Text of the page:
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F-35C Completes First Arrested Landing aboard a U.S. Navy Aircraft Carrier.


| 2014
a
Naval Forces News - USA
 
 
 
F-35C Completes First Arrested Landing aboard a U.S. Navy Aircraft Carrier
 
The U.S Navy made aviation history Nov. 3 as an F-35C Lightning II carrier variant Joint Strike Fighter conducted its first arrested landing aboard an aircraft carrier off the coast of San Diego. U.S. Navy test pilot Cmdr. Tony Wilson landed F-35C test aircraft CF-03 at 12:18 p.m. aboard USS Nimitz's (CVN 68) flight deck.
     
The U.S Navy made aviation history Nov. 3 as an F-35C Lightning II carrier variant Joint Strike Fighter conducted its first arrested landing aboard an aircraft carrier off the coast of San Diego. U.S. Navy test pilot Cmdr. Tony Wilson landed F-35C test aircraft CF-03 at 12:18 p.m. aboard USS Nimitz's (CVN 68) flight deck.
PACIFIC OCEAN (Nov. 3, 2014) An F-35C Lightening II carrier variant Joint Strike Fighter conducts it's first arrested landing aboard the aircraft carrier USS Nimitz (CVN 68). Nimitz is underway conducting routine training exercises. (U.S. Navy photo by Mass Communication Specialist 3rd Class Kelly M. Agee/Released)
     
The arrested landing is part of initial at-sea Developmental Testing I (DT-I) for the F-35C, which commenced Nov. 3 and is expected to last two weeks.

"Today is a landmark event in the development of the F-35C," said Wilson, a Navy test pilot with Air Test and Evaluation Squadron (VX) 23. "It is the culmination of many years of hard work by a talented team of thousands. I'm very excited to see America's newest aircraft on the flight deck of her oldest aircraft carrier, the USS Nimitz."

Commander, Naval Air Forces, Vice Adm. David H. Buss, was aboard Nimitz to witness the milestone event.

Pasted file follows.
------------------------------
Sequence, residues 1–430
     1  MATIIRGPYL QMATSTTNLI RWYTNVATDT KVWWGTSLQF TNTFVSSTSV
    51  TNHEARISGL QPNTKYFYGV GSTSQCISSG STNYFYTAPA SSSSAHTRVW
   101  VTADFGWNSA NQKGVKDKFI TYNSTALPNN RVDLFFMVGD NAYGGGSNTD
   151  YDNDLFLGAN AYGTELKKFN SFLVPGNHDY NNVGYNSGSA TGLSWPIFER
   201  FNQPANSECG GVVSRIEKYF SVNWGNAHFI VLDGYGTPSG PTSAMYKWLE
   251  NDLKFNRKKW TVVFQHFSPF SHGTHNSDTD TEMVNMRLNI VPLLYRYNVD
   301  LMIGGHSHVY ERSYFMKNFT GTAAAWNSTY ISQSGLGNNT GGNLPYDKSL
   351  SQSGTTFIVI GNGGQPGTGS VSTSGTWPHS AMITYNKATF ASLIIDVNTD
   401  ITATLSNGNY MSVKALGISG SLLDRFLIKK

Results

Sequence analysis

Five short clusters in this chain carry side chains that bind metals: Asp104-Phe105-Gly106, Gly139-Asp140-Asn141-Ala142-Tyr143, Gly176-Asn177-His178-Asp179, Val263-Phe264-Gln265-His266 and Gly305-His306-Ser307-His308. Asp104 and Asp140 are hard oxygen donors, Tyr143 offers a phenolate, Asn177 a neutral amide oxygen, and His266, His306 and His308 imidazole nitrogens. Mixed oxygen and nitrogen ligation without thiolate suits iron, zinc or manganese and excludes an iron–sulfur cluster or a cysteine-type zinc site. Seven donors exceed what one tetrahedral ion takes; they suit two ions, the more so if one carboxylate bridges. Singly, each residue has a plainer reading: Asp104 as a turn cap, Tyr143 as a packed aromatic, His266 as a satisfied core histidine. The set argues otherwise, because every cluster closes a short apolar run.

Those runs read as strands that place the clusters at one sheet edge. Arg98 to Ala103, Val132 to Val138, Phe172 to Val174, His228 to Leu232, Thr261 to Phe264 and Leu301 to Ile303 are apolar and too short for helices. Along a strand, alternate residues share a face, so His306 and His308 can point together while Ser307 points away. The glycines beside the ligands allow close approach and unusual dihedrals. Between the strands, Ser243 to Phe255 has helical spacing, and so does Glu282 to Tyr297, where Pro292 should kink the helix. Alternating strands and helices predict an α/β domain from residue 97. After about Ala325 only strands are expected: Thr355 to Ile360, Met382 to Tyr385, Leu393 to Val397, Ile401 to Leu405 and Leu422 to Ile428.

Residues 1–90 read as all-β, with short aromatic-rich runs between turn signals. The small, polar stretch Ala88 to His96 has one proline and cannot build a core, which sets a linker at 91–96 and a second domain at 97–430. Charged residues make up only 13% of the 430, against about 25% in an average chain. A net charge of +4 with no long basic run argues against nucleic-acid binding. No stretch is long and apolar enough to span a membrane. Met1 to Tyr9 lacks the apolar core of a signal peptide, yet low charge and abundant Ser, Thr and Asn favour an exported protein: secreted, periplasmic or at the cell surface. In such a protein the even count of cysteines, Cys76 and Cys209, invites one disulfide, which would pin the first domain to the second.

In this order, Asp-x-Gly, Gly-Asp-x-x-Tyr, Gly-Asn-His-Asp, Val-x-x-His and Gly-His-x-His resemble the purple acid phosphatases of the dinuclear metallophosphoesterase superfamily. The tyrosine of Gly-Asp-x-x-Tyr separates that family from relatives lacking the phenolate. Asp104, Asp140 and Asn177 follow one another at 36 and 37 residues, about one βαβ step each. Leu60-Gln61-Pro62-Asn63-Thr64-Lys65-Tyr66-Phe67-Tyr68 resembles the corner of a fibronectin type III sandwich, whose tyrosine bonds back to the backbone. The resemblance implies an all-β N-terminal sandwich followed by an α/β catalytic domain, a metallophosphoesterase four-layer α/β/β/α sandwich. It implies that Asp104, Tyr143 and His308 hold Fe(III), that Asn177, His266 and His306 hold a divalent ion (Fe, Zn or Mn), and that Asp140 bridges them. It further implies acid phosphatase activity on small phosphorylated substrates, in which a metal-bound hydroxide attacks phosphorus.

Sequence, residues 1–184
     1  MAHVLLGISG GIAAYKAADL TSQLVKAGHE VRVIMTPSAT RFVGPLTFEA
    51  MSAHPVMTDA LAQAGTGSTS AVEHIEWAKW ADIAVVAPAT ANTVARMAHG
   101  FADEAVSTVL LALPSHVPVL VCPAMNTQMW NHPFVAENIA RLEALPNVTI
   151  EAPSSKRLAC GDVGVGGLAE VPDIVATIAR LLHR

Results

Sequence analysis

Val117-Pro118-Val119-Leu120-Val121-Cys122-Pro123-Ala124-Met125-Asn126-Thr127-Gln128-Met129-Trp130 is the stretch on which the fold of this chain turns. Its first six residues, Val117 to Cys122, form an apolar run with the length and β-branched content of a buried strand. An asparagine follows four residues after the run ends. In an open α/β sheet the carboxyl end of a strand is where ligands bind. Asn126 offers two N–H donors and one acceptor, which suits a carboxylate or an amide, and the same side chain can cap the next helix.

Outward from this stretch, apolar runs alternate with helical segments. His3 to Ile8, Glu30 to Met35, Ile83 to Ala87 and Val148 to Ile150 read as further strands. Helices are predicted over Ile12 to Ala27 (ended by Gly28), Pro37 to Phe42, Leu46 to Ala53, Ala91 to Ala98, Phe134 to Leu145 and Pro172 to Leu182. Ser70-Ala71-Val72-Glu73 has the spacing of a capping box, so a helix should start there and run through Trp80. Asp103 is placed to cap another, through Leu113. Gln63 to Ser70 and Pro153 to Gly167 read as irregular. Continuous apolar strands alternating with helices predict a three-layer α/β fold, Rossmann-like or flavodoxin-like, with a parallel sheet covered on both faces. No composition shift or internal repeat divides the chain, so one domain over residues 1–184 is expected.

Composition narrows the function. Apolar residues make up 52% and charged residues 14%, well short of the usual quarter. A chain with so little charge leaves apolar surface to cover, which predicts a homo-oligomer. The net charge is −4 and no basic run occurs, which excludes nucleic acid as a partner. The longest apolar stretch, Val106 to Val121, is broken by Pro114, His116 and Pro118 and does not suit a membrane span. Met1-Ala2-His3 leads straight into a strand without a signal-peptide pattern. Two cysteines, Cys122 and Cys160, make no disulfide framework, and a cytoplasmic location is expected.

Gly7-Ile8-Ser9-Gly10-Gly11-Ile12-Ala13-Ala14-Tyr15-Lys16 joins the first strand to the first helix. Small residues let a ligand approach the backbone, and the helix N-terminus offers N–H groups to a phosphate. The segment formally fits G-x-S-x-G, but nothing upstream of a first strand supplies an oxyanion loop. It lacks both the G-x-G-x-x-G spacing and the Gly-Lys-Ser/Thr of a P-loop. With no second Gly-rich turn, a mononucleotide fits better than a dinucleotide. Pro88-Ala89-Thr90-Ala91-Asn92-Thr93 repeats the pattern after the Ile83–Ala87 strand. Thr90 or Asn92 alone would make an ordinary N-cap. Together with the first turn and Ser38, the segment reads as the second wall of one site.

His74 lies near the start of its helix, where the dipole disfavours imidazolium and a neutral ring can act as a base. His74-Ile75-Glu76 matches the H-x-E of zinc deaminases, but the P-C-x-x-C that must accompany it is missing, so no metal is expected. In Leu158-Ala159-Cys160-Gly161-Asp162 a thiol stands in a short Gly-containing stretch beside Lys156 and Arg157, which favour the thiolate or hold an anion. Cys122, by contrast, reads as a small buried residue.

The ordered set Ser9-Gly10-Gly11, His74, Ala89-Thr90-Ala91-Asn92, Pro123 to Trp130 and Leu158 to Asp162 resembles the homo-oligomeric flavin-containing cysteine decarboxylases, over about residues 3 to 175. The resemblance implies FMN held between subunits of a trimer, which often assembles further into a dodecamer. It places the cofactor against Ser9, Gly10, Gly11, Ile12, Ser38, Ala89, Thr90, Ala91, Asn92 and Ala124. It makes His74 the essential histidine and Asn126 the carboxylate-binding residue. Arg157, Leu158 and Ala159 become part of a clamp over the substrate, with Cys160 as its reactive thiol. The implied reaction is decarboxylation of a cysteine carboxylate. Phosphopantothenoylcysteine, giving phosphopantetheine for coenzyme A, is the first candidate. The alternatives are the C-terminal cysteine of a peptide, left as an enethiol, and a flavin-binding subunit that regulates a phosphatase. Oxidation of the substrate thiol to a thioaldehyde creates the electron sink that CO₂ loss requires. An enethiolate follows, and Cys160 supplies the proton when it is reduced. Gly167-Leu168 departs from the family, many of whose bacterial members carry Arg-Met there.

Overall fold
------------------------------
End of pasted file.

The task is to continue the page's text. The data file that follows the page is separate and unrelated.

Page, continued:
"What a historic day today is for Naval Aviation. With the first traps of the F-35C Lightning II aboard an aircraft carrier, we begin the integration of the next generation of warfighting capability into our carrier-based air wings," said Buss. "This important milestone is yet another indicator of Naval Aviation's ongoing evolution to meet future threats and remain central to our future Navy and National Defense Strategy.

"DT-I is the first of three at-sea test phases planned for the F-35C. During DT-I, the test team from the F-35 Lightning II Pax River Integrated Test Force (ITF) has scheduled two F-35C test aircraft from Naval Air Station Patuxent River in Patuxent River, Maryland to perform a variety of operational maneuvers, including various catapult takeoffs and arrested landings. ITF flight test operations also encompass general maintenance and fit tests for the aircraft and support equipment, as well as simulated maintenance operations.

As with the initial testing of any new aircraft, the goal is to collect environmental data through added instrumentation to measure the F-35C's integration to flight deck operations and to further define the F-35C's operating parameters aboard the aircraft carrier.

The ITF test team will analyze data obtained during flight test operations, conduct a thorough assessment of how well the F-35C operated in the shipboard environment, and advise the Navy to make any adjustments necessary to ensure that the fifth-generation fighter is fully capable and ready to deploy to the fleet in 2018.
     
The U.S Navy made aviation history Nov. 3 as an F-35C Lightning II carrier variant Joint Strike Fighter conducted its first arrested landing aboard an aircraft carrier off the coast of San Diego. U.S. Navy test pilot Cmdr. Tony Wilson landed F-35C test aircraft CF-03 at 12:18 p.m. aboard USS Nimitz's (CVN 68) flight deck.
PACIFIC OCEAN (Nov. 3, 2014) An F-35C Lightening II carrier variant Joint Strike Fighter conducts it's first arrested landing aboard the aircraft carrier USS Nimitz (CVN 68). Nimitz is currently underway conducting routine training exercises. (U.S. Navy photo by Mass Communication Specialist 3rd Class William
     
The F-35C carrier variant (CV) is the U.S. Navy’s first stealth fighter and the world’s only 5th Generation, long-range stealth strike fighter designed and built explicitly for carrier operations.

The F-35C variant has larger wings and more robust landing gear than the other variants, making it suitable for catapult launches and fly-in arrestments aboard naval aircraft carriers. Its wingtips also fold to allow for more room on the carrier’s deck while deployed.

During testing in 2011, all eight landing tests of the F-35C failed to catch the arresting wire; a redesigned tail hook was developed and delivered two years later in response. In February 2014, Lockheed said the F-35C was on schedule for sea trials after the tailhook was redesigned. The new tailhook has a different shape to better catch arresting wires. Testing on land achieved 36 successful landings.
 
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